Almost half of the respondents (440, 48%) would prescribe marijuana to at least a few patients (4% to "many," 44% to "few'') if it were legal; 200 (22%) would not prescribe it; and 274 (30%) said they would need more information. The 48% who would prescribe marijuana if it were legal is only slightly less than the 54% who have prescribed Marinol, which is legally available. Of those oncologists who had previously recommended marijuana to at least one patient (N = 432), 279 (65%) would prescribe marijuana to at least a few patients if it were legally available. Of those oncologists who had not recommended marijuana to at least one patient (N = 550), 161 (29%) report that they would prescribe marijuana to at least a few patients if it were legally available.
Although substantial, the response rate of 43% makes it difficult to determine precisely the views of the entire ASCO membership. The views of the sample who returned the survey may differ significantly from the views of those who did not. Since ASCO itself does not compile membership statistics for age, year of graduation from medical school, or patient population size, respondents cannot be compared with the full membership in these respects. However, no obvious anomalies in their characteristics were observed. Furthermore, the distribution of postmarks by state on the returned surveys - the main information available with which to evaluate response bias - very closely matched the geographic distribution of the survey forms mailed. Although there is nothing specific to suggest the presence of response bias, it cannot be ruled out. Therefore, all reported statistics should be considered indications of the general range of support for various propositions, rather than precise determinations.
The central empirical question the survey was designed to answer was whether a significant minority of the members of the ASCO supported the rescheduling of marijuana to permit its use in the treatment of nausea associated with cancer chemotherapy. The response rate is sufficiently large to resolve that question conclusively.
Of all oncologists with opinions responding to our survey, 54% supported rescheduling. Possible response bias makes it impossible to determine precisely whether a majority of the population with opinions actually holds that view. Ascertaining whether a significant minority of the population supports rescheduling is much simpler. A sensitivity analysis varying the degree of acceptance of the medical use of marijuana by nonrespondents to the survey suggests that support for rescheduling marijuana is indeed present in at least a significant minority of our population. In the hypothetical event that all nonrespondents and all respondents without opinions were actually opposed to rescheduling, 13% of oncologists would remain in favor of rescheduling. If all nonrespondents and respondents without opinions were actually for rescheduling, 85% would support prescription availability of marijuana.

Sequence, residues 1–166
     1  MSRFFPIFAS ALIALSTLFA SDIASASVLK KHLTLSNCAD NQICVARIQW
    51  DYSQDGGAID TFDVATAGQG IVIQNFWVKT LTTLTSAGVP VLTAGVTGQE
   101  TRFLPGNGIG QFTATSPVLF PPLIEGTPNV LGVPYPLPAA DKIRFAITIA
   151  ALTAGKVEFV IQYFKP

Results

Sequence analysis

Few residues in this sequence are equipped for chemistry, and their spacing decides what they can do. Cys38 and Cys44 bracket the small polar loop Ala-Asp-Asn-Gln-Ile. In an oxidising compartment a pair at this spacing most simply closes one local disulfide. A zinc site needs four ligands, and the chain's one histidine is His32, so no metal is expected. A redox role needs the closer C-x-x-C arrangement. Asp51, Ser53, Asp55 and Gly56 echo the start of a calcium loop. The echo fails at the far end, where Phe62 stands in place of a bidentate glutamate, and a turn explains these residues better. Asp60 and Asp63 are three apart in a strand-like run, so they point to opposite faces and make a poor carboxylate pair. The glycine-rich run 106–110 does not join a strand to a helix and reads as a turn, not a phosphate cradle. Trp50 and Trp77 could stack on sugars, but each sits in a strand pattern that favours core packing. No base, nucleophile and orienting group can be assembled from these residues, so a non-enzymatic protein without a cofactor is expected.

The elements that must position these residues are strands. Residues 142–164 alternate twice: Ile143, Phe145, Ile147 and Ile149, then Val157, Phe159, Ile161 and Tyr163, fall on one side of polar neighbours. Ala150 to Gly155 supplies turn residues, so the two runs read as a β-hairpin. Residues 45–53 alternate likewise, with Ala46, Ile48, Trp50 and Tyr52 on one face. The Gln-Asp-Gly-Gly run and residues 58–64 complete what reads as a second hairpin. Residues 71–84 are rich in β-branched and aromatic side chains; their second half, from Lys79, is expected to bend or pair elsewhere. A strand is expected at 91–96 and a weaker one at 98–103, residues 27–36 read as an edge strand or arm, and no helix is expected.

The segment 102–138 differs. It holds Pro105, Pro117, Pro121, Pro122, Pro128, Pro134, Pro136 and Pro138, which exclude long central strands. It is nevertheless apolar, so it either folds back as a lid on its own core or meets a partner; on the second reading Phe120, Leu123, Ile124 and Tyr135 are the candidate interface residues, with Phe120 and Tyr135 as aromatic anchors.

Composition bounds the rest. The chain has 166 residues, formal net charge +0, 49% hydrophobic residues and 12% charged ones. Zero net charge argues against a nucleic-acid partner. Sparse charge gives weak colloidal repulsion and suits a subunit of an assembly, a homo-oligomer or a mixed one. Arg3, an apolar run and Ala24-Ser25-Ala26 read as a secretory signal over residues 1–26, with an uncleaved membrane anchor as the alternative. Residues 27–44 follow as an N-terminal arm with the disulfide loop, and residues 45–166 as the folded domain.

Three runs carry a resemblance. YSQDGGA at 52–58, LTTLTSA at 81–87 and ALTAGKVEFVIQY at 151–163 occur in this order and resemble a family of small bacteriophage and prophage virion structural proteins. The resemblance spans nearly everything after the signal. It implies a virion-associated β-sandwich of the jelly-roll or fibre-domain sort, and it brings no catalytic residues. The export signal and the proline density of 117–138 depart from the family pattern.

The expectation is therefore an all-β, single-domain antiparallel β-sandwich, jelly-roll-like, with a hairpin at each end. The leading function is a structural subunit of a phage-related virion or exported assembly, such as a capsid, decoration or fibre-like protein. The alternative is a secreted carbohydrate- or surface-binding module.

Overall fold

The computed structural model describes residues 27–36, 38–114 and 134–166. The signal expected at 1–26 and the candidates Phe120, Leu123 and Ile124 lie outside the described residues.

The survey data suggest that adding marijuana to the existing armamentarium of antiemetic agents would result in substantial benefits to patients. Oncologists believe smoked marijuana to be roughly as safe as legally available, oral synthetic THC (Marinol) and somewhat more effective. Of the oncologists responding to our survey, 44% - 73% of those with opinions - consider marijuana both safe and efficacious.
Oncologists may prefer to prescribe smoked marijuana over oral THC for several reasons. The bioavailability of THC absorbed through the lungs has been shown to be more reliable than that of THC absorbed through the gastrointestinal tract (17-18), smoking offers patients the opportunity to self-titrate dosages to realize therapeutic levels with a minimum of side effects, and there are active agents in the crude marijuana that are absent from the pure synthetic THC.
Although the survey did not ask whether marijuana or Marinol might be safer or more effective when used with specific patient groups, in space set aside for comments, 42 oncologists mentioned either that older patients had more problems with side effects from both Marinol and marijuana or that patients who had side effects tended to be inexperienced with marijuana. The increased prevalence of side effects in older patients may be a cohort effect and not an age effect. Marijuana and Marinol may be most useful in younger or marijuana-experienced patients.
More than four in 10 respondents (44%) report that they have recommended the (illegal) use of marijuana to control emesis to at least one cancer chemotherapy patient. The fact that so many physicians have advised patients to commit an illegal act to obtain marijuana suggests a substantial discrepancy between clinical and regulatory opinions. Almost half (48%) would prescribe it to some of their patients if it were legal.
The survey reported here of the opinions and experiences of clinicians is not a controlled clinical study of the use of marijuana as an antiemetic. Nevertheless, this survey demonstrates that oncologists' experience with the medical use of marijuana is more extensive, and their opinions of it are more favorable, than the regulatory authorities appear to have believed. It appears that current regulations create the somewhat anomalous situation that a substantial fraction of all practicing oncologists at least occasionally commit an act - ie, counseling a patient to acquire and use a controlled substance - that constitutes a crime and that at least in principle could lead to the revocation of their license.
Joseph P. Newhouse, of the Kennedy School, reviewed both the survey instrument and this report and suggested several important improvements. Dr Jerome Jaffe, Director of the Addiction Research Center of the National Institute on Drug Abuse, also offered constructive suggestions.
Copyrighted material. Reprinted by permission.